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Comment #20 posted by OverwhelmSam on December 20, 2005 at 05:23:35 PT

I Knew It!
I knew the DEA has been conspiring with local law enforcement and politicians behind the public's back. Like it's okay for the DEA to conspire to break the law and circumvent the justice system, but it's not okay if we smoke a joint. Really! How perverted does that situation make the all-mighty law? 
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Comment #19 posted by Jim Lunsford on December 20, 2005 at 03:32:22 PT

even though I am covered by your hunch of needing to prove spiritual sincerity before the cause, I don't believe it will be necessary. Religious conversion is one factor. Also, these laws are crumbling down all around us. I love that Morales is President of bolivis. Bush is vowing to continue the endorse the war against our civil liberties, that oil and pharmaceutical companies are in such dis-favor, and that congress is finally seen by the majority as the biggest bastion of corruption in america.All of these things are changing as we sleep. Plus, More's law of technology doubling every 18 months is still going strong. Imagine our technological knowledge doubling from what it is now! Censorship and this type of government is done. The wheels are in motion. It is done as soon as the government gives up trying to stop this massive societal change.That doesn't mean it can't go the other way. these kind of changes are catastrophic sometimes. I mean we could have a nuclear war or something. But I think we won't. There is simply too many people with too much information. Let us allow this change to proceed.Peace,Rev Jim LunsfordFirst Cannabist ChurchReligions: Buy all your today's that you have for a tomorrow that no one controls.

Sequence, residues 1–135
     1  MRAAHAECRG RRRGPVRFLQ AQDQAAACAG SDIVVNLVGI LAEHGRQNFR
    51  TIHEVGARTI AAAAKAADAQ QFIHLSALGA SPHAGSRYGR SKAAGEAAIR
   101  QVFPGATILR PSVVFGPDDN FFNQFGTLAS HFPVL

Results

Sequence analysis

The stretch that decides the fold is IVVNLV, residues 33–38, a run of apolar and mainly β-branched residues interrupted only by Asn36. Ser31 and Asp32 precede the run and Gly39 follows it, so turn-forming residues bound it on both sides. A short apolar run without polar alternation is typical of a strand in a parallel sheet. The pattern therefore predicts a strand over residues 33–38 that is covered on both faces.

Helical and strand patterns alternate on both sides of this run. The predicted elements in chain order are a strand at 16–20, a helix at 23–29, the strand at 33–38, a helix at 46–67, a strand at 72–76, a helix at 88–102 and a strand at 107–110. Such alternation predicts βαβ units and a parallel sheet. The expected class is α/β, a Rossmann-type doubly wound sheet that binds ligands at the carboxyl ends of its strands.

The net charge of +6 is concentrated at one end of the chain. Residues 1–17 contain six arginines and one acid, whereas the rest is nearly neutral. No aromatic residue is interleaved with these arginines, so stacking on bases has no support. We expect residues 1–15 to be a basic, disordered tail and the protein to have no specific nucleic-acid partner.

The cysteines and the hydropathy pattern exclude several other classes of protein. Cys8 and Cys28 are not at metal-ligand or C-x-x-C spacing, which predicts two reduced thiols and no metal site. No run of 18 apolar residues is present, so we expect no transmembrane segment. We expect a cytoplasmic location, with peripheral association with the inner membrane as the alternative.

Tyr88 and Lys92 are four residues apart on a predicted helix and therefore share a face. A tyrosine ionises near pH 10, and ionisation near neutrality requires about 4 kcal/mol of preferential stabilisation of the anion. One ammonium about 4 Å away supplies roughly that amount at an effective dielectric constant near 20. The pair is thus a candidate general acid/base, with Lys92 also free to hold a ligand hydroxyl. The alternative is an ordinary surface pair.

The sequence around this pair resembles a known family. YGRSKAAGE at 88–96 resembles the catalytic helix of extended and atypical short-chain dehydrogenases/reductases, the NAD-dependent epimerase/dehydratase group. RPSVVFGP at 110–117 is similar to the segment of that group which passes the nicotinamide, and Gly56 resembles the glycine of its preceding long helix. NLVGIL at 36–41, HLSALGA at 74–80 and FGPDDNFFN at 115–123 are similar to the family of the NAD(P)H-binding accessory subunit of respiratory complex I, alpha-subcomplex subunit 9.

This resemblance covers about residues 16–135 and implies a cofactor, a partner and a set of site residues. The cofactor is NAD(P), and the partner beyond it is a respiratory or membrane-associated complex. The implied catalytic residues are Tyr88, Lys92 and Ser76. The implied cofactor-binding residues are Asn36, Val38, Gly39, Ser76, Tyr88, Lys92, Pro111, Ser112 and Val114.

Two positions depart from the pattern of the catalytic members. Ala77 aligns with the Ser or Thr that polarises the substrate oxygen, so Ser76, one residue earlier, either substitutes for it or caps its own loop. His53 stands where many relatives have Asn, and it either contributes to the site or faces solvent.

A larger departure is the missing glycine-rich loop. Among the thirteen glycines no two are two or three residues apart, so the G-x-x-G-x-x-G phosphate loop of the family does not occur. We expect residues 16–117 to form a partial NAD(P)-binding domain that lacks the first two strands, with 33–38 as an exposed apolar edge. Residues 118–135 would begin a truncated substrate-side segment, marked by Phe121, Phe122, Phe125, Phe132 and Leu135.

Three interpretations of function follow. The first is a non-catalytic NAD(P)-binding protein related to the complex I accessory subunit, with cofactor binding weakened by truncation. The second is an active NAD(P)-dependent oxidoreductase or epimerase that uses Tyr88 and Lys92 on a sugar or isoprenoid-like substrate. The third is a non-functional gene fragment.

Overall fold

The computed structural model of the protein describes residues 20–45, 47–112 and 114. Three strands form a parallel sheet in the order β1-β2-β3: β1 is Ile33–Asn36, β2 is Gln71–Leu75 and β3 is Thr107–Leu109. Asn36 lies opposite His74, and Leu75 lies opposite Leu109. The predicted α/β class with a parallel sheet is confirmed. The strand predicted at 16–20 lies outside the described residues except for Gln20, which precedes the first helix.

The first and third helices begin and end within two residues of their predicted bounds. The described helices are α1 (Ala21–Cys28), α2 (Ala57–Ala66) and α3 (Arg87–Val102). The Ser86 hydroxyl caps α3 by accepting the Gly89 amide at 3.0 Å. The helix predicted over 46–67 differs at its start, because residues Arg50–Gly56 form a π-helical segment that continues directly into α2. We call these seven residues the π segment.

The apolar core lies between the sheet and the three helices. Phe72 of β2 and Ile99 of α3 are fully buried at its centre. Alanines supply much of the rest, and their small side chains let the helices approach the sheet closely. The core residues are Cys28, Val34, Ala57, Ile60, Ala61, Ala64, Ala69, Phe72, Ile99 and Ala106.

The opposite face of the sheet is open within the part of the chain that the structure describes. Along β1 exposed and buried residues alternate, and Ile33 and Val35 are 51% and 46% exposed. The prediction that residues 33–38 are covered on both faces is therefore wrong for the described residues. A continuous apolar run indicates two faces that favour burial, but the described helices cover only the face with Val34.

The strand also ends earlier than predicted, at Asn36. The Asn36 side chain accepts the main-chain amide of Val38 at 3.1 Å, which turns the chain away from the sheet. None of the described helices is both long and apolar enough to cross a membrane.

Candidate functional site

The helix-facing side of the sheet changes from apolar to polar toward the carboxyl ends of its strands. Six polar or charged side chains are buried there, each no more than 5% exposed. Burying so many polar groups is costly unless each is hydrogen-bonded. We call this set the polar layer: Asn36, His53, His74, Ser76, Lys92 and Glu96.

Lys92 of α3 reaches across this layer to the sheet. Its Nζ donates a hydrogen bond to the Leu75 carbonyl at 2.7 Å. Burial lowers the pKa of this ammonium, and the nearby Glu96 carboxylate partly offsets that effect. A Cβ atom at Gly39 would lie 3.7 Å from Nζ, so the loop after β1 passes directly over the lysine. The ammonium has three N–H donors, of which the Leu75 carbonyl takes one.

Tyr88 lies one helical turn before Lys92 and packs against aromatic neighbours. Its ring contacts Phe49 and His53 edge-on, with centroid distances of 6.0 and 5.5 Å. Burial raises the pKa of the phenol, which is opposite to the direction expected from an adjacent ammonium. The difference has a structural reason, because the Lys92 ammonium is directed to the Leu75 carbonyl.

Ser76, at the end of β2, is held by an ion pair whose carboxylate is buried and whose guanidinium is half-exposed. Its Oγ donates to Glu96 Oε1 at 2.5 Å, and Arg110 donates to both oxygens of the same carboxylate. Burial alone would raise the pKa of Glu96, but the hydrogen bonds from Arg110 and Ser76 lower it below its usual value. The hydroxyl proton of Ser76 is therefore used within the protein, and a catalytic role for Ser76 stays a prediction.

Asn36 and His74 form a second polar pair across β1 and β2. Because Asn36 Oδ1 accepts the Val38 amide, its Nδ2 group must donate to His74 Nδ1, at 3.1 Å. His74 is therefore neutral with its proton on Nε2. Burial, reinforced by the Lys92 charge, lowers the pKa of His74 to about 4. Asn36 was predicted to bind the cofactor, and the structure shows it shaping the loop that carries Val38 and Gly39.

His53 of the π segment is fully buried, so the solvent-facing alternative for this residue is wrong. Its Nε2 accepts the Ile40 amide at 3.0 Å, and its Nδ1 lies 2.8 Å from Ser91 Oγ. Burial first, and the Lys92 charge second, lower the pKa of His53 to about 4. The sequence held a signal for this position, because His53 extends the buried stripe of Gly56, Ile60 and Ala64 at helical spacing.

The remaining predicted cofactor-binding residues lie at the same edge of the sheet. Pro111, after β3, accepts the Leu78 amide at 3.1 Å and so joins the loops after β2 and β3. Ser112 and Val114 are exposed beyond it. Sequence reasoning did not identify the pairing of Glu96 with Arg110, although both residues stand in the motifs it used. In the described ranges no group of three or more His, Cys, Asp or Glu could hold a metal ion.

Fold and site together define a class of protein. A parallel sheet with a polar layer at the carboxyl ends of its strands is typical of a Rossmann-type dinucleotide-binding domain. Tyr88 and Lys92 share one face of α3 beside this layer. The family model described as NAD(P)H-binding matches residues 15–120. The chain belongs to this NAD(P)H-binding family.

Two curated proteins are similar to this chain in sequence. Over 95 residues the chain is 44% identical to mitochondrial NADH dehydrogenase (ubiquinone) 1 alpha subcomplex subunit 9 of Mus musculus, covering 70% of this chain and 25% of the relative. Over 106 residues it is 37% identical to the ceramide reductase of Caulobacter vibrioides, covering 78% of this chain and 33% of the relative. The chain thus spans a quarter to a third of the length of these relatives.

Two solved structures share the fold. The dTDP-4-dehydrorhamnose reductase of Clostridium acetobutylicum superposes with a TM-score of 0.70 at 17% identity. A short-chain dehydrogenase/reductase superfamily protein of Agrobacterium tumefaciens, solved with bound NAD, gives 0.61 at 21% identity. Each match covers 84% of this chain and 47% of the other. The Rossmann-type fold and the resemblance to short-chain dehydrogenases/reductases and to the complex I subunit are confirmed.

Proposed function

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Comment #18 posted by FoM on December 19, 2005 at 21:32:45 PT

Merry Christmas to you too. I'm glad you liked my little Holiday Page. The little angel is so adorable. 
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Comment #17 posted by Patrick on December 19, 2005 at 21:17:40 PT

Merry Christmas FoM
And a Happy New Year too!I love your Christmas card page. Very nice.
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Comment #16 posted by FoM on December 19, 2005 at 20:15:37 PT

Just a Note
I think it's going to be hard to find much news this week because of the holidays. It seems that the more complex our world is becoming the more people find enjoyment in the holidays. Maybe it's because we realize what is really important. I don't know that's just how I see it all. I hope that the New Year will bring change in the laws on Cannabis. One of these days it will. Today would have been my son's 39 birthday. I always wonder what he would think if he saw how the world was now since so much has changed since 96. Enjoy this time of year because soon we will be back on the front lines and onward and upward we will go. Merry Christmas.